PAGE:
Flood sirens pass test
IT MAY have been their final ever official test, though judging by how long the debate about their future has run so far nothing can be guaranteed.Norfolk's flood sirens were turned on at the weekend for their main annual public inspection.
IT MAY have been their final ever official test, though judging by how long the debate about their future has run so far nothing can be guaranteed.
Norfolk's flood sirens were turned on at the weekend for their main annual public inspection.
While official figures are not yet available for how many of the 57 sirens successfully sounded on Saturday morning, last year seven failed.
The sirens are currently subject of a fierce debate about their future, with the Environment Agency insisting they are not necessary because of an alternative phone-based advance warning system and the police insisting they would not use them in an evacuation because they are old, unreliable and could cause panic.
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Campaigners want the sirens upgraded, adding that the floodline warnings direct phone system touted by the Agency is unfit for purpose because it is misunderstood and fails to reach all those who need to be warned.
The three-year debate was last aired in public at a meeting of Norfolk County Council's cabinet a week ago when the sirens were given yet another stay of execution. The timetable now sees January 31 2010 as the potential date for decommissioning.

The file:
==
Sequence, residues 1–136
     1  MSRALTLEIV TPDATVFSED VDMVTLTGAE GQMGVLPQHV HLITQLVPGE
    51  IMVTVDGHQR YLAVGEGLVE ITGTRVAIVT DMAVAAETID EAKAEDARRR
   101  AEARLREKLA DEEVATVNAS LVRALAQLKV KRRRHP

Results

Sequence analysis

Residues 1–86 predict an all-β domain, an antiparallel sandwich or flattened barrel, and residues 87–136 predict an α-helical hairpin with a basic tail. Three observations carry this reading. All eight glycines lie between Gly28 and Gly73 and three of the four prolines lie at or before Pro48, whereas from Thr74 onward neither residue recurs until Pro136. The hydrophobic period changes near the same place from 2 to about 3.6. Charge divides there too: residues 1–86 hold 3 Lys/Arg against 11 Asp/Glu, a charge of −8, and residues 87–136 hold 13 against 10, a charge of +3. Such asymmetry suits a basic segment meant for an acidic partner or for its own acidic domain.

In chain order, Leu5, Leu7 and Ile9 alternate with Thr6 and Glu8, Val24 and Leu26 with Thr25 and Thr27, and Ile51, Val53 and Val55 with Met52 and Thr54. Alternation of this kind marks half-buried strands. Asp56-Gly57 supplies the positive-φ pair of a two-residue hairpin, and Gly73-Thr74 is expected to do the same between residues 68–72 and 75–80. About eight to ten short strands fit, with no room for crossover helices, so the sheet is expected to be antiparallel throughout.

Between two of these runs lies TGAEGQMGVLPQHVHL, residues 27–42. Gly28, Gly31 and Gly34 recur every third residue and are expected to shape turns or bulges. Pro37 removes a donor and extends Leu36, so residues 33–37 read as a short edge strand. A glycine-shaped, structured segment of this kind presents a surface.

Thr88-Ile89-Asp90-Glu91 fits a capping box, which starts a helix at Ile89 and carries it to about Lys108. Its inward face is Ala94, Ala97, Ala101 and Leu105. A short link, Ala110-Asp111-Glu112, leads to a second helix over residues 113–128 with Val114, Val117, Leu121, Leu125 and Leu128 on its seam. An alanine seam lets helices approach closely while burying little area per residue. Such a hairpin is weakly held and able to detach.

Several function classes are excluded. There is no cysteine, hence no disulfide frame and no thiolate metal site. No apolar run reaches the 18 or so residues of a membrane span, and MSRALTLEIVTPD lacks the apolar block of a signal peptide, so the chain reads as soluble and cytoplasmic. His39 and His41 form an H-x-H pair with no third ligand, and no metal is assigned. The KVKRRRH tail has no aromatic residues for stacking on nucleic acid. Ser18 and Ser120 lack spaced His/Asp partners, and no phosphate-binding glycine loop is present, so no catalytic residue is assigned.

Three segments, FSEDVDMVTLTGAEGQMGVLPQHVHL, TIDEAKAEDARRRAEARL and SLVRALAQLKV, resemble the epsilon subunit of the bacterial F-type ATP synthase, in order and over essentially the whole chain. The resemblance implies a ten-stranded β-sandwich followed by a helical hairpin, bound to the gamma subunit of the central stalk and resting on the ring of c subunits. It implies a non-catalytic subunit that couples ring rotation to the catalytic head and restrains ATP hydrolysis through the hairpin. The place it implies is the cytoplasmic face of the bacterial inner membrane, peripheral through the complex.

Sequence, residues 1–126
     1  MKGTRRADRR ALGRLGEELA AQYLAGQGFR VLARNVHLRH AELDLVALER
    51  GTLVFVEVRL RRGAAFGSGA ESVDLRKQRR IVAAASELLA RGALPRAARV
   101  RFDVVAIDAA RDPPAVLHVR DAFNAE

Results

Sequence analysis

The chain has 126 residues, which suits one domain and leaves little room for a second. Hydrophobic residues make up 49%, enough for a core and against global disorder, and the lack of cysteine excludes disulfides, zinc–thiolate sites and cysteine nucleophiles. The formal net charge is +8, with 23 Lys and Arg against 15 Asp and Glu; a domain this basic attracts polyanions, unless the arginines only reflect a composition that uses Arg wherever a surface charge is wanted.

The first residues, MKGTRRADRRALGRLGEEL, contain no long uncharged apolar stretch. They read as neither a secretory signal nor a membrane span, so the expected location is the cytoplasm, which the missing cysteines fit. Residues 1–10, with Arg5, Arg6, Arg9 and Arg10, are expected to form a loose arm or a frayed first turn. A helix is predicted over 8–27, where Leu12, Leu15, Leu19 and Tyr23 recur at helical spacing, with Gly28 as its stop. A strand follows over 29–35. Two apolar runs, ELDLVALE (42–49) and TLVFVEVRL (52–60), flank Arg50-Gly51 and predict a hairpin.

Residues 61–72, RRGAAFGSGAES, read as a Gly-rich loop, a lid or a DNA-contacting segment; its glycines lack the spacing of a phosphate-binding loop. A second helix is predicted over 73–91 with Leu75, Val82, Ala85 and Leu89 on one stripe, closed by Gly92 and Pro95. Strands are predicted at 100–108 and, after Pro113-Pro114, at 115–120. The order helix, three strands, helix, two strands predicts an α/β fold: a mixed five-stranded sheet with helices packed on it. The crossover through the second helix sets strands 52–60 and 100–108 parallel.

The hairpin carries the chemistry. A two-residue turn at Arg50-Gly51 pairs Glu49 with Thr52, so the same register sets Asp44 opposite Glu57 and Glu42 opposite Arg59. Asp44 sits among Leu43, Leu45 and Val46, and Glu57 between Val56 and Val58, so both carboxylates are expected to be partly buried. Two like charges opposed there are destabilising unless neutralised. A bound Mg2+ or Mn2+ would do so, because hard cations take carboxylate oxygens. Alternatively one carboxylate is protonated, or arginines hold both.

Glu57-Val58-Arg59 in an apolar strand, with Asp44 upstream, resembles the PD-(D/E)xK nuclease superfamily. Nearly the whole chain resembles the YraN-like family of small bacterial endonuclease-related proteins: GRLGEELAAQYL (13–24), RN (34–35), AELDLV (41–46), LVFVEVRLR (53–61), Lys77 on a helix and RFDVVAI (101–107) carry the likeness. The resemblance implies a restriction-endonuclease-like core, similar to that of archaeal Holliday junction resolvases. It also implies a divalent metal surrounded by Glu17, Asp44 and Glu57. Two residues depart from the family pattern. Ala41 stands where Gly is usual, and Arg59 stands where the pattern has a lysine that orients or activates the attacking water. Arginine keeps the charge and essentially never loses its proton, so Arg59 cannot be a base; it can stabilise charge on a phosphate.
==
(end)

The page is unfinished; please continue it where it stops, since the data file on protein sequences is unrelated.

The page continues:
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If campaigners are successful in their efforts to have updated sirens, by next August the current ones could not only be decommissioned, but replaced in some areas with brand mew multi-functional sirens. It could also go the other way and the sirens could have disappeared for good.
Efforts by the county council cabinet in the next few weeks will attempt to see if it is feasible for town and parish councils to take the sirens on themselves using a piece of law called the Sustainable Communities Act. But it is far from clear exactly what this means, whether the attempts will be successful and, if the parishes take control, whether they will be able to switch their 'own' sirens on.
Between then and now campaigners will press on with their fight, including hosting a visit from a provider of modern sirens which can provide multi hazard warnings. The modern sirens have pre recorded voice messages, a live public address facility and different siren tones to convey different information.
One of the campaigners' main criticisms of the county council is that no up to date costing for siren replacement has been carried out. It is hoped the visit from the Coventry based provider in question could help with a costing.
“That costing is one of the pieces of information we need now,” said Wells flood warden Mike Strong shortly after the four Wells area sirens sounded successfully on Saturday.
“And at least we feel that at last the county council has finally begun to listen to the fact that the floodline warnings direct is not robust and that it can't stand alone, which is what we have been driving at for so long.”